Written by Kristin Guglietti; Photos Courtesy of Kristin Guglietti
Pads and tampons are not free in public places. If you’re lucky, you might walk into a women’s restroom that contains dispensers, but these machines are rarely stocked. On campus, dispensers in women’s restrooms seem to be perpetually labeled, almost in a mocking manner, “NOT STOCKED.”
“Empty machines are insulting,” said Maeve Forde, president of Rowan’s Intersectional Feminist Collective (IFC) and senior history major. “The machines are denying access to something people need. It is a façade that the machines can be convenient.” According to Forde, college campuses are great places to start conversations about topics most people feel uncomfortable about.
So, why are people uncomfortable talking about periods? Maybe because society views women’s problems as less important to male problems. Maybe women become “crazy hormonal werewolves” each month. Maybe periods are gross.
Regardless of the justifications, periods are a part of life. Women get periods. Transgender men get periods. Men are surrounded by mothers, sisters and friends who get periods. This is a topic we need to talk about and normalize. According to College Board, 46% of Rowan’s undergraduate population are women. It’s not like it’s unreasonable to ask for something to be done.
I investigated the majority of buildings on campus to see if I could find a stocked pad and tampon dispenser.
There are no machines in the Chamberlain Student Center, Winans Hall, Westby Hall, Bunce Hall, Bozorth Hall or Bole Hall. I could not find a single stocked machine of the locations that did have dispensers at the Campbell Library, Savitz Hall, James Hall, Robinson Hall, Science Hall, 301 High Street, Memorial Hall and Hawthorne Hall.
There are only a few places where women can find pads and tampons on campus. Women can ask someone at the Wellness Center for a pad or tampon, as well as request one at the Information Desk in the Student Center, but this places pressure and fear of embarrassment on any woman seeking one.
According to an online survey conducted by Free the Tampons, 57% of women ages 18-54 would feel embarrassed if their period started unexpectedly in public. Free the Tampons surveyed 1,072 women. Of those women, 35% of women would panic if they started their period and had no supplies.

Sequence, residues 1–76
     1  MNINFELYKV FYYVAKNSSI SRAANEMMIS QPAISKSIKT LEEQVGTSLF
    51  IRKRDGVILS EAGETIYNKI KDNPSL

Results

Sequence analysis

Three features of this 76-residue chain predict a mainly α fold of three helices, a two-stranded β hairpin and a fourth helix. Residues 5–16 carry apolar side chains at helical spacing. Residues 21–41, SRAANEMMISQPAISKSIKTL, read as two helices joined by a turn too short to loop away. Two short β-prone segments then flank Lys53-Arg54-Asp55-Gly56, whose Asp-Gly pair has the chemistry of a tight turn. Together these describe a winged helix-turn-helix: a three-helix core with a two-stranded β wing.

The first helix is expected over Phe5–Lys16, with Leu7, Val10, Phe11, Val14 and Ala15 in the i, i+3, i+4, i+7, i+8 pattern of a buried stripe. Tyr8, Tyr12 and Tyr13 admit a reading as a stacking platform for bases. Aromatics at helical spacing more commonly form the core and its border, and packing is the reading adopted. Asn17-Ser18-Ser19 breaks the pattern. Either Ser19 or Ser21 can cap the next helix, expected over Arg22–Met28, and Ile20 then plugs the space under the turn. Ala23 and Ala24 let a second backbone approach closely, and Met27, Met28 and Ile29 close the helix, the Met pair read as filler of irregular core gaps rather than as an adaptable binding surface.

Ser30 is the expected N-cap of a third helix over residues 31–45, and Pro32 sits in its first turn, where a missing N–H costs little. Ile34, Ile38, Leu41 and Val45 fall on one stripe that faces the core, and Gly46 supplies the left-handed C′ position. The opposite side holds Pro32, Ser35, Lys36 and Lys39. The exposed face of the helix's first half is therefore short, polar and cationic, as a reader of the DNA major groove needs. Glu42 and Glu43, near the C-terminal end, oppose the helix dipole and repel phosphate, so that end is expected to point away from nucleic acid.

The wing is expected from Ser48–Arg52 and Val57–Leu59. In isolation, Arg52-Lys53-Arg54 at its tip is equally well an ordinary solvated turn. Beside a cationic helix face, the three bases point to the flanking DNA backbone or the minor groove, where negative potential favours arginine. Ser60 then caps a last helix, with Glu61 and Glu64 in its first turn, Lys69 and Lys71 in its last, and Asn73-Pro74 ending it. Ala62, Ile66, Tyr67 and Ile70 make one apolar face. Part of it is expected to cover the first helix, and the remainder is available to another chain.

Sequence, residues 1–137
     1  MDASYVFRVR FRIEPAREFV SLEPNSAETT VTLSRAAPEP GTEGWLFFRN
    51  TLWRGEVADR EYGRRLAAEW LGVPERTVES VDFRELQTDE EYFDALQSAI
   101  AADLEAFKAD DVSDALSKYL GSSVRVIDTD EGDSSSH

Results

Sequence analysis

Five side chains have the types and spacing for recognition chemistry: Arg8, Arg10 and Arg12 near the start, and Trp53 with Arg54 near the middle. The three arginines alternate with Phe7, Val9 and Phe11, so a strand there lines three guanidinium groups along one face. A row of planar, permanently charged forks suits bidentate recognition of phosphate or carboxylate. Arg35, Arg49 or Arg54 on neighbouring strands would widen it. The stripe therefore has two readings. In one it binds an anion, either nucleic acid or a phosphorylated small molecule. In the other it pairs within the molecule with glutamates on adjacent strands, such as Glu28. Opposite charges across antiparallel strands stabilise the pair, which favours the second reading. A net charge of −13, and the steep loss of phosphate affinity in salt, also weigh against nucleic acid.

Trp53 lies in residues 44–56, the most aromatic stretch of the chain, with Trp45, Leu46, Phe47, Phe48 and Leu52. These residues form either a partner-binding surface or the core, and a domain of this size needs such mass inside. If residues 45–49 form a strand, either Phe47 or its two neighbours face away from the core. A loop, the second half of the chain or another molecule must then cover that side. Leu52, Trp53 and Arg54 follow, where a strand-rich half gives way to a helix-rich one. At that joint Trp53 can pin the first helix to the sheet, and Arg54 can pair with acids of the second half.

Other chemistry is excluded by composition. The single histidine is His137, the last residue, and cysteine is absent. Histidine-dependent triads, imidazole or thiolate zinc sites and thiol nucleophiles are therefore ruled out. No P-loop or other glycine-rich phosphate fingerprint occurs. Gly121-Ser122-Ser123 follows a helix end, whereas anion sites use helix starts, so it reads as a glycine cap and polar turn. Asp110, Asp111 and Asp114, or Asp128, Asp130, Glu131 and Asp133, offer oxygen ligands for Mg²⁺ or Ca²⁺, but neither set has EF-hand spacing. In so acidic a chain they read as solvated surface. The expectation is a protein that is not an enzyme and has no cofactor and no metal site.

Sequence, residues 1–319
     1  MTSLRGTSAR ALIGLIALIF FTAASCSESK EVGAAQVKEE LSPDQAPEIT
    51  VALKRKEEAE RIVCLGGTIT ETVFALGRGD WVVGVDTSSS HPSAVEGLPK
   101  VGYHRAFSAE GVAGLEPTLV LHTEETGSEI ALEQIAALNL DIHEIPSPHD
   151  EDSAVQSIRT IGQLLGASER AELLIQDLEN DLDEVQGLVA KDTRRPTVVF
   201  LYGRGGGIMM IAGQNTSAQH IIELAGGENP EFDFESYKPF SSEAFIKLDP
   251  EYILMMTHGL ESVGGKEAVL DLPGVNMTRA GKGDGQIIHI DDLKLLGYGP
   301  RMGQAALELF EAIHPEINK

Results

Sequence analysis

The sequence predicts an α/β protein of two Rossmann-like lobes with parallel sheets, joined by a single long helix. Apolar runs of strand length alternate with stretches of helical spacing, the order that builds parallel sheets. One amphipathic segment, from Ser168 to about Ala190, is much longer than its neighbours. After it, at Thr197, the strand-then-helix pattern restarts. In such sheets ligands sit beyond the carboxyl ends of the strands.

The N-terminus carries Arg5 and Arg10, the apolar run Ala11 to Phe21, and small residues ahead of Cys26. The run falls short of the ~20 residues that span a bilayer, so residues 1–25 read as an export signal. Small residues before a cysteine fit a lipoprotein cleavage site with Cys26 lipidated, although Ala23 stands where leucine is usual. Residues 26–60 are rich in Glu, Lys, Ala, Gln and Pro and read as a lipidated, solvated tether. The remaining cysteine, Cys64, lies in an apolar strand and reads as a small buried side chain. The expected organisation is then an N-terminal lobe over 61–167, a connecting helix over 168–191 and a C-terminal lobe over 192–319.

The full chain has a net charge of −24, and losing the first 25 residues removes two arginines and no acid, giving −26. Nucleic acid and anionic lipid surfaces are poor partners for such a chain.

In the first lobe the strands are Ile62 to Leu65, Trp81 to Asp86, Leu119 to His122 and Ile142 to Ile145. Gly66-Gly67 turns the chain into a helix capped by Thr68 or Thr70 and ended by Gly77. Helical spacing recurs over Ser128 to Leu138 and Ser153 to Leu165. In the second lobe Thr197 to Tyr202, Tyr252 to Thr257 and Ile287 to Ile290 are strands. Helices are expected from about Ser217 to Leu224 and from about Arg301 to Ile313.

For people who do not want to ask others, they can purchase pads and tampons at a nearby convenience store. At Ro-Go, a convenience store in the Chamberlain Student Center, people can buy a 14-pack of pads for $4.25 and a box of 10 tampons for $3.99.
Donna Mehalchick-Opal, an alumni with a bachelor’s degree in psychology, thinks the empty machines are ridiculous.
“Not everyone has time to go to 7-Eleven or a convenience store. It would be ideal if they would stock the machines,” said Mehalchick-Opal.
The rec center’s women’s restroom is the only place on campus that provides free pads and tampons, but only because Platex gave a certain amount of feminine products to the rec center for free. The pads and tampons found there are not paid for by Rowan to supply.
Other students like Kelsey Burke, a junior biology major, said, “I just have something on me.”
The media tells women to deal with their own problems from a young age. At work, they supply bandages if someone gets hurt on the job. Meanwhile, at school, if a woman bleeds, she has to deal with it her damn self.
“You’ll get in the habit of being prepared. And before you know it, getting your period — wherever you are — will be no big deal.” This quote is from a kids health website! With that logic, how come no one carries toilet paper to be prepared to poop? Oh right, because usually, that’s reliable enough to be available in public restrooms.
An article from The New York Times said that New York is working on passing a bill that would make tampons and pads free to public schools, shelters and jails. If New York ends up making tampons free to the public, other states might be more motivated to follow.
Student government representatives at Brown University in Rhode Island stocked all bathrooms with pads and tampons (including the men’s room!). How can we get Rowan to climb on board?
Toilet paper and seat covers are supplied, but we cannot rely on janitors to stock tampon and pad dispensers? John Davis, Director of Housekeeping, was “too busy” to comment.
Weeks after the initial investigation, I noticed one machine on the second floor of the library was missing. That particular machine was off its hinges and ready to fall, however, I worry that this might be the school’s “solution.”
Getting rid of the empty machines will not solve the problem. Rowan administration needs to learn that tampons and pads are a necessity, not a luxury, of its female students.